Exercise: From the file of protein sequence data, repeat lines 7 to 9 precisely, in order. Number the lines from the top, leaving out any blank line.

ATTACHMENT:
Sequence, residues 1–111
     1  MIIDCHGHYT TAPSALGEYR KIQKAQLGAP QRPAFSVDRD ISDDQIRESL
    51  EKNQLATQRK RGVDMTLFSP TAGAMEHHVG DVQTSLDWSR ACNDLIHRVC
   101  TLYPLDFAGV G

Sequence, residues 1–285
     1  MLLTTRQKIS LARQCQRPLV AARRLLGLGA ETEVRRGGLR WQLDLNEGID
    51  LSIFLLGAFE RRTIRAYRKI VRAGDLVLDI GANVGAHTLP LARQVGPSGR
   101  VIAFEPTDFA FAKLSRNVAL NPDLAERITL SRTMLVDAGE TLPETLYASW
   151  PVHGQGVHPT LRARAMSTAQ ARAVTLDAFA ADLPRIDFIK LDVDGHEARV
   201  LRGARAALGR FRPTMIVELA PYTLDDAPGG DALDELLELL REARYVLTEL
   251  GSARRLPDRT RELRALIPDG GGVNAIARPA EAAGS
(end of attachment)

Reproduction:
    51  LSIFLLGAFE RRTIRAYRKI VRAGDLVLDI GANVGAHTLP LARQVGPSGR
   101  VIAFEPTDFA FAKLSRNVAL NPDLAERITL SRTMLVDAGE TLPETLYASW
   151  PVHGQGVHPT LRARAMSTAQ ARAVTLDAFA ADLPRIDFIK LDVDGHEARV